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I have data on two events over a 25-year span of time. The data look like (example below):

Year  Event_1  Event_2
1990  1000     800
1991  850      750
1992  1050     850
.     .        .
.     .        .

And so on and forth. I'd like to see whether Event_1 and Event_2 are correlated. The figures in the example above are simply frequencies of occurrence of both events. I understand Pearson's product-moment correlation coefficient, but I'm not sure whether that's the best strategy for these data.

I've read about cross-correlation in this other post, but I've never done time-series analysis before. Regarding the data:

  1. I'd like to see if Event_1 and Event_2 over time.

  2. I suspect that Event_1 might cause Event_2, but it's just a guess (it could well be the opposite).

Any reference to the literature to get me started with this will be very appreciated.

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  • $\begingroup$ How could you look at whether events 1 and 2 are correlated within each year (rather than over years) if both are only observed once? $\endgroup$ – Patrick Coulombe Oct 31 '17 at 17:41
  • $\begingroup$ What are the numbers? Are they the frequencies of the events? It would be very helpful if you told us what the events actually are. $\endgroup$ – Zahava Kor Oct 31 '17 at 18:49
  • $\begingroup$ @PatrickCoulombe I edited OP as that bit was ill-posed. I wanted to mean that if the two events are correlated over time in some sort of trend, does this only hold for "over time" as a whole or also for each year-point? (Not sure if this answers your question). $\endgroup$ – Enoch R. Nov 4 '17 at 10:27
  • $\begingroup$ @ZahavaKor They are frequencies, yes. Just a figure of how many times that event happened in that year. $\endgroup$ – Enoch R. Nov 4 '17 at 10:28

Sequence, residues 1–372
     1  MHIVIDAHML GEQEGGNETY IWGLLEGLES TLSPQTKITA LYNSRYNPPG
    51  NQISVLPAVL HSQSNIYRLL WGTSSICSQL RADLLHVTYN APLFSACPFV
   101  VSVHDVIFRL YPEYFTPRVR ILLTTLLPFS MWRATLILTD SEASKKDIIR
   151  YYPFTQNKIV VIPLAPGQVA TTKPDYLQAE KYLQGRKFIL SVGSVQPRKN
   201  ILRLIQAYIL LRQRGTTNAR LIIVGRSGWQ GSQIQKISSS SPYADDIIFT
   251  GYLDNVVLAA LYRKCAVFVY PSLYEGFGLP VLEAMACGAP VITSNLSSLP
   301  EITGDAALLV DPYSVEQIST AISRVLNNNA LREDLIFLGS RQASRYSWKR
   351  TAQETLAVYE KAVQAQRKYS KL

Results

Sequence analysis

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Seems like a regression problem with year.

Event_1 = Event_2 + Year + Event_2*Year

Well I thought I would expand on this a little more with the commentary below.

You care about looking at the correlation between two events with auto-correlation as an issue. For example, event 1 and event 2 might increase, but that might be because they are correlated and it might be due to auto-correlation.

The trick is to control for this within a model.

You can do something like a simple trend model as well: yt−yt−1=f(xt)+ error. Where yt-yt-1 is just the year to year change. f(xt) is the trend for x and then you have error. Same thing as I described with a small difference in notation.

There is one other thing you can do: a logarithmic model. You will then get an idea if they are proportionately changing.

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  • $\begingroup$ Thanks, this sounds like a promising point to get started with time-series analysis. Do you happen to know of any reading you'd recommend to get started with these issues? A primer-like text would be amazing. $\endgroup$ – Enoch R. Nov 4 '17 at 10:33
  • $\begingroup$ There are some solid texts from the series for statistics for social scientists. I enjoy those. But that aside, there are some really solid videos on youtube. $\endgroup$ – JWH2006 Nov 6 '17 at 13:17

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